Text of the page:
Title IX anniversary is special for the local teacher | News, Sports, Jobs
ELKINS – The 50th anniversary of Title IX in the United States means a lot to a local woman, not only because of the changes it has created over the years, but because she was at the forefront of the transition when it occurred locally.
Originally from Elkins, Kit Phillips was a student at West Virginia Tech University in 1972 when the monumental culture shift occurred. She was majoring in physical education, but before her freshman year, she had no sports team to compete on.
“There was no women’s sport at all before 1972”, Phillips told The Inter-Mountain. “I was a physical education major, so of course we learned to play different sports like field hockey, lacrosse and that kind of stuff. But there was no competition until Title IX passed (in 1972).
Title IX protects people from discrimination based on sex in education programs or activities that receive federal financial assistance. Title IX specifies:
“No person in the United States shall, on the basis of gender, be excluded from participation, denied benefits, or discriminated against in connection with any educational program or activity receiving federal financial assistance.”
Phillips said one teacher, and only one teacher, made women’s sports a reality at West Virginia Tech after the law was passed.
“We had a wonderful teacher named Carol Monroe, who became our coach,” Phillips said. “When Title IX was passed, she went to the college president and told him we were going to do women’s sports. He told her that was fine, but that she would not get any funding from the school. And she (Monroe) also ended up coaching all women’s sports at school – swimming, volleyball, softball and basketball. “
Phillips knew she would want to compete on the swim team because at Elkins at the YMCA she was allowed to compete in the pool and did well against both boys and girls. Eventually, she decided to dress for the college volleyball team and compete for both teams during her junior and senior years.
“I have to give credit to the YMCA, they were way ahead of their time,” Phillips said. “They started a swimming team in the late 1950s and it was mixed, where they let boys and girls compete. And that’s how I got into competitive swimming.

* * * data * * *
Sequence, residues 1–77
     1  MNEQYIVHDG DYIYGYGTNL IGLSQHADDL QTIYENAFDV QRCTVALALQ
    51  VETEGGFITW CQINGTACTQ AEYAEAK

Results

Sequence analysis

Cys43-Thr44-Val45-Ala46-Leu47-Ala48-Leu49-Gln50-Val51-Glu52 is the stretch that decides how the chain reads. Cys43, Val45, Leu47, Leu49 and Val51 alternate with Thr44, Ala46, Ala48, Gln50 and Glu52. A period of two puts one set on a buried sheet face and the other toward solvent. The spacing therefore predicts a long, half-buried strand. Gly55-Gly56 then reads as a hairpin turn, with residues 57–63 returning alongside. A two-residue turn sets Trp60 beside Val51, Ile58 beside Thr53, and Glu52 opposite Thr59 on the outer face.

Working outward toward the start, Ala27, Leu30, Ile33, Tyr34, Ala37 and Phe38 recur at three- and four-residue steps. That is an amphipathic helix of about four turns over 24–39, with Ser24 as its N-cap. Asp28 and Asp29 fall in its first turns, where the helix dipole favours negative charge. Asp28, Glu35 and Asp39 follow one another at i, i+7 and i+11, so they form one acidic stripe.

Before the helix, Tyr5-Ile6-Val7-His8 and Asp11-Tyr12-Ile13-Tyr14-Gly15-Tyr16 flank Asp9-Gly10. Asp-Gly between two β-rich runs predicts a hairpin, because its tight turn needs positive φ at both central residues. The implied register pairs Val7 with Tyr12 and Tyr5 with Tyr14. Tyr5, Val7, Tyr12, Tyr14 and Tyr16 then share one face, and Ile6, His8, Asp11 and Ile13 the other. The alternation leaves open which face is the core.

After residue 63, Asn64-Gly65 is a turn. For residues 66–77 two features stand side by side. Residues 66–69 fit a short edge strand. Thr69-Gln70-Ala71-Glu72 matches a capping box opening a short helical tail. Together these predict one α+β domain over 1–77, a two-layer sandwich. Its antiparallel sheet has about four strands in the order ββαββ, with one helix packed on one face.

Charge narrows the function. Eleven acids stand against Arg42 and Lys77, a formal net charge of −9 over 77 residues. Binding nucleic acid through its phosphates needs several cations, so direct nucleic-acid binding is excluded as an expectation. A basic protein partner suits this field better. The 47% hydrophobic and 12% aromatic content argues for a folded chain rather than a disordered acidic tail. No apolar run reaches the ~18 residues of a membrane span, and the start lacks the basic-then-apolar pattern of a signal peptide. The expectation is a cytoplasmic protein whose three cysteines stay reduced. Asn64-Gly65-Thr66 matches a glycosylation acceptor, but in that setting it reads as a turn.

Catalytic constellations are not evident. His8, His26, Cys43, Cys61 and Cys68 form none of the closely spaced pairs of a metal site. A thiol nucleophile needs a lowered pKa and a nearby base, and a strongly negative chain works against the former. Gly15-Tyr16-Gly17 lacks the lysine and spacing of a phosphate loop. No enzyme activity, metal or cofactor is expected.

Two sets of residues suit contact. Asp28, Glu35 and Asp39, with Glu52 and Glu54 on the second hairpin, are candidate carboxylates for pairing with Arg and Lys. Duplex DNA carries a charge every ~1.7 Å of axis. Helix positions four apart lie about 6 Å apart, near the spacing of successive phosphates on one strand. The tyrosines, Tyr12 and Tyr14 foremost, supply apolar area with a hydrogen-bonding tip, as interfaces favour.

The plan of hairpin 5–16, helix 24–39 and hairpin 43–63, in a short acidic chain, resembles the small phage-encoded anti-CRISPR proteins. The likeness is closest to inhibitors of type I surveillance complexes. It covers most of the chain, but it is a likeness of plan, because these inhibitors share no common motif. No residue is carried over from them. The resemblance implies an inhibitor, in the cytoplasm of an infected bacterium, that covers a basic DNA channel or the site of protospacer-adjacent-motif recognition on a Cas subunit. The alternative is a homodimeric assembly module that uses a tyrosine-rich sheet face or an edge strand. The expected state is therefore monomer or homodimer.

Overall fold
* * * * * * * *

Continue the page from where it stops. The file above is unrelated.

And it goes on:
Because the college refused to help fund any of the women’s athletic teams at that time, each team had to find a way to get what they needed for competition, Phillips said.
“We didn’t receive any help from the college, although we were very successful”, she noted. “Some of the mothers had to make uniforms and I think the only thing that was ever bought was the bathing suits and we had to pay for them ourselves.
“We also sold donuts on the corner of Montgomery to try and raise money so we could go somewhere else. It was a struggle, but it was worth it as women’s sports finally caught on at Tech. If we hadn’t fought for it and started, it never would have happened.
While there is still room for improvement when it comes to the equal treatment of female athletes to male athletes, Phillips said she is pleased with the way women’s sport has developed over the past 50 years.
“Things are certainly better now than they were,” she says. “I’m so happy that there are professional women’s basketball teams, professional football and all that. And I’m happy that their football team (World Cup) finally got equal pay. If the title XI had not happened, nothing that is happening now would have ever happened.
During his two competitive years at West Virginia Tech, Phillips excelled in the pool, winning a conference championship as a junior and three titles as a senior. His title as a junior in 1972 was in the 50 meter backstroke. She clinched 50m honors again the following year and added championships in the 100m backstroke and 500m freestyle.
“It was the best moment of my life when I was able to compete,” Phillips said. “As female athletes, we wanted it so badly and when we finally got to do what we wanted, we wanted more and more. You don’t even have to think about it now, you can just go out and join a team. And that’s how it should have been all along. I feel like I helped Tech get it started there.
West Virginia Tech is now known as WVU Tech and currently offers seven women’s athletic programs and two co-ed athletic programs at the school. He is affiliated with the NAIA and competes in the River States and Appalachia athletic conferences.
After graduating from college, Phillips, who is a member of the West Virginia Tech Sports Hall of Fame, returned home to Elkins, where she served the past 34 years as a teacher. During this time, she taught physical education at Tygarts Valley High School, Elkins Junior High School, and Elkins High School.
While at EHS, Phillips pushed the school to start a swim team. In 2000, his wish was granted when the Tigers dived into the water for the first time. She then coached the boys’ and girls’ swim teams for the next seven years and was named North Central Athletic Conference Boys’ Coach of the Year in her final season as coach in 2007.
“I just coached for those seven years, but I loved being with those kids and starting the program,” Phillips said. “I have to say coaching has been one of the most rewarding things I’ve ever done. It’s completely different from teaching because you get to know kids on a personal basis and when they’re successful, you succeed with them. It was just a great, great experience coaching.
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